CBS has a dilemma. The network is overhauling its entire primetime lineup to go after younger viewers. But since its audience right now is on the 49 side of 18-49, promoting the new shows on its own network won’t do a whole lot of good.
The answer? Cable. CBS is buying ad time on cable networks that skew young, including MTV, VH1, E! Entertainment, Comedy Central and Lifetime Television.
“We’re aiming for a demo that is outside of our primary reach,” explains George Schweitzer, executive VP, marketing and communications, CBS Broadcast Group. While CBS does reach young viewers through “Late Night With David Letterman,” the network, Schweitzer said, nevertheless “has to supplement our on-air promotion to reach these audiences.
But network promos aren’t traveling a one-way street into the cable universe. Over the last several months, Viacom’s music web VH1 has been reformatting itself to appeal to the 25-34 audience. As part of the switch, the cable net produced spots starring Madonna, Sting and Sheryl Crow which made their debut on NBC.
“The people who watch NBC are VH1 viewers,” says VH1 president John Sykes. NBC even went so far as to help promote the premieres of the spots themselves: NBC West Coast president Don Ohlmeyer, a friend of Sykes, reached out to the network’s owned stations to promote the spots on their local news.
VH1 is willing to return the favor. “We don’t think of ourselves as competing with the other networks,” says Sykes. “We understand that viewers will want to watch certain events on other networks.”
But the growth in cross-medium advertising brings questions about when spots promoting competitors should run – and whether the strategy can backfire.
“We sell the rope for them to hang themselves,” says Harvey Ganot, president, MTV Networks Sales. “I can think of no greater proof that marketers look for select audiences than having the networks go to cable for promotion. It confirms our argument that cable is class, not mass.”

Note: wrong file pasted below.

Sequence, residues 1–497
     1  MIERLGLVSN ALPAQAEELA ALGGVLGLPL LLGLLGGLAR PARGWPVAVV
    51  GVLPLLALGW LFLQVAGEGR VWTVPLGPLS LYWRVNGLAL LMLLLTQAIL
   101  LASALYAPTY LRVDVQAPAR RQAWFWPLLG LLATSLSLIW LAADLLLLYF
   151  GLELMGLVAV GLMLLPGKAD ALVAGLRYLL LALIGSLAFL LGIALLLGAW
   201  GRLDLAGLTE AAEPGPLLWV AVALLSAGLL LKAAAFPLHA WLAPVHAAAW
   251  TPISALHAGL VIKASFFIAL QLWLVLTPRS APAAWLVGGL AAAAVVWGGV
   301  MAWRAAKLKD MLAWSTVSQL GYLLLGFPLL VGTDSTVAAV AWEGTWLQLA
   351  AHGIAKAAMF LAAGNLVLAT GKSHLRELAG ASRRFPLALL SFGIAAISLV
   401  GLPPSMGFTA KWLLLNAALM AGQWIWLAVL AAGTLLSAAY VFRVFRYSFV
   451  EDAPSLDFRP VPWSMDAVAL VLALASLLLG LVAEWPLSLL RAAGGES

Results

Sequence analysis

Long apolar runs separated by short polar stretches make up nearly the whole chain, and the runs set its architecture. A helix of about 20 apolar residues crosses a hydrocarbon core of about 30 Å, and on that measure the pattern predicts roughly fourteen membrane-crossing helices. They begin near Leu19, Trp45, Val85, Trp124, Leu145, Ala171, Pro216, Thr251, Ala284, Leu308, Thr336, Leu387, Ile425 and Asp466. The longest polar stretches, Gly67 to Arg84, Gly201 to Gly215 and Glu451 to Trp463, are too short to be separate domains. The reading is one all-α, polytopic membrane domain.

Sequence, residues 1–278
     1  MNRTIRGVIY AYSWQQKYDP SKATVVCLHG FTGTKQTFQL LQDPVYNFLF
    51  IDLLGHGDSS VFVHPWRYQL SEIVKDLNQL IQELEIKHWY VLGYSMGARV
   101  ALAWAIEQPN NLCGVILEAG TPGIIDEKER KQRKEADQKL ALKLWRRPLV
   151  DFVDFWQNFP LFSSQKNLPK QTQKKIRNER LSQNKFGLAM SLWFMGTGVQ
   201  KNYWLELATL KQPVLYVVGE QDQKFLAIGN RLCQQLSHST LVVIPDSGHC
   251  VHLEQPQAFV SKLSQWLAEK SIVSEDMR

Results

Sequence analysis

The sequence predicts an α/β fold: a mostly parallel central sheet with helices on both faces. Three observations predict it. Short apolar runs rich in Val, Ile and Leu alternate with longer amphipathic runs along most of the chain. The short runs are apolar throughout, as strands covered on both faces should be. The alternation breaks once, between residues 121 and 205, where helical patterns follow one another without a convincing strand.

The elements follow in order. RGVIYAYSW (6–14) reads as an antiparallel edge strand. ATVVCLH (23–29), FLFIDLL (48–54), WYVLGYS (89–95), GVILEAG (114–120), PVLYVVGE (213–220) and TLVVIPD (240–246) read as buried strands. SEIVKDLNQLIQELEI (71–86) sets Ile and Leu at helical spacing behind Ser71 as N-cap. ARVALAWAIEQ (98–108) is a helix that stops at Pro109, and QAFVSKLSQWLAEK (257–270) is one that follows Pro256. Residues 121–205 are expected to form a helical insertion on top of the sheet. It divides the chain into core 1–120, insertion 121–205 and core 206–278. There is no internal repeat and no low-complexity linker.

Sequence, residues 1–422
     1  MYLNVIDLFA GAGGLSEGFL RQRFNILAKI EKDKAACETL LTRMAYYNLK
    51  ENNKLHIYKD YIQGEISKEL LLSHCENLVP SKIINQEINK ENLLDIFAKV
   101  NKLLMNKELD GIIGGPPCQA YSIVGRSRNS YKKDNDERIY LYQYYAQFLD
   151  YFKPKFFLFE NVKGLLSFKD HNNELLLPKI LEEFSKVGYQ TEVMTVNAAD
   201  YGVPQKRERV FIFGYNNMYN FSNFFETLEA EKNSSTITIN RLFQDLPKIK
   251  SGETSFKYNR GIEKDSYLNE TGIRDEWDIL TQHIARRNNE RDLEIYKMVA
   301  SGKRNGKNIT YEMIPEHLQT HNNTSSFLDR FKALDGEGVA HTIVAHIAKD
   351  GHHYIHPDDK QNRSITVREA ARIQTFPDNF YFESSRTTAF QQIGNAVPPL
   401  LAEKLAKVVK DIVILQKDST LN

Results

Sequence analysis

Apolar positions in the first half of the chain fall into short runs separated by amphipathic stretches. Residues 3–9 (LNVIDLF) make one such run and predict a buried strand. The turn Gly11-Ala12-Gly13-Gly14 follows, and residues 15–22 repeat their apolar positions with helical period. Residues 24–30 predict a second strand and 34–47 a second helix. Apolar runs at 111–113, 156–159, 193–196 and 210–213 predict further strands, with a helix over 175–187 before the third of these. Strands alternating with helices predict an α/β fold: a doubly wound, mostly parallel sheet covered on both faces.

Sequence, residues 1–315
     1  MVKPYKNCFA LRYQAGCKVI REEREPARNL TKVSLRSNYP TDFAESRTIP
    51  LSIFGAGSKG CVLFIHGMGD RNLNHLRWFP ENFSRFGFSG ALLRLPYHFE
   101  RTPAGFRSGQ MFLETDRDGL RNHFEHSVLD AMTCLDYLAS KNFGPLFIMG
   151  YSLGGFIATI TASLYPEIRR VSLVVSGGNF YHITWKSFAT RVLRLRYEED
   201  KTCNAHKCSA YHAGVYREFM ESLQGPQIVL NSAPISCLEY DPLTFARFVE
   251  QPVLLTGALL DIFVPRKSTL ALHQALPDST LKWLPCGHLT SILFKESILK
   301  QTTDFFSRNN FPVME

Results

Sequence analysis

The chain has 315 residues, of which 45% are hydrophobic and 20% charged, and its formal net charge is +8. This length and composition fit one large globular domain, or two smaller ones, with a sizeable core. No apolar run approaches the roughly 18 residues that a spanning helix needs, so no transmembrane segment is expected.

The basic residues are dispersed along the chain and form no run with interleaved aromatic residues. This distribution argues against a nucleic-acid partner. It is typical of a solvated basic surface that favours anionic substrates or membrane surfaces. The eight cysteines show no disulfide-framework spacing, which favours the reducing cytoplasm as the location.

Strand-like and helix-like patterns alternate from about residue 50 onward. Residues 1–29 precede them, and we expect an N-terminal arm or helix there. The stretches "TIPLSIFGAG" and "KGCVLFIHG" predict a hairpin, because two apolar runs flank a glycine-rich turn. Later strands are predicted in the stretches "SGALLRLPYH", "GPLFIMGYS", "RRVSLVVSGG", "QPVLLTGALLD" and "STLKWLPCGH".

Ganot says MTV does not sell ad time to broadcast networks in the upfront but makes remaining inventory available. And there are ground rules. A CBS spot, for example, will be limited to one run per hour. Also, spots are not usually allowed to specifically mention when a particular show is airing.
MTV Networks also won’ t sell spots promoting programming that competes with its own. Spots for kids programming are a no-no because they would compete against Nickelodeon.
Some cable networks steer clear of cross-medium promotions. ESPN and ESPN2, both majority owned by Capital Cities/ABC, rarely run spots promoting the Alphabet web or other networks.
Ironically, while CBS is buying time on cable to promote its new shows, the network does not for the most part take ads from basic cable networks. VH1 bought spots on “Late Night With David Letterman” through the CBS-owned stations.
Meanwhile, all the broadcast networks have carried ads for cable’s newest competitor, direct broadcast satellite. But the broadcast webs are not carried by DBS, meaning that the networks are promoting a service that, if it takes off, could reduce their household reach.
Premium cable networks, especially Time Warner’s HBO, rely heavily on the broadcast networks for promotion. But the networks don’t allow HBO to promote specific times for shows. Despite that, HBO’s original movies often beat the networks in the ratings in HBO homes.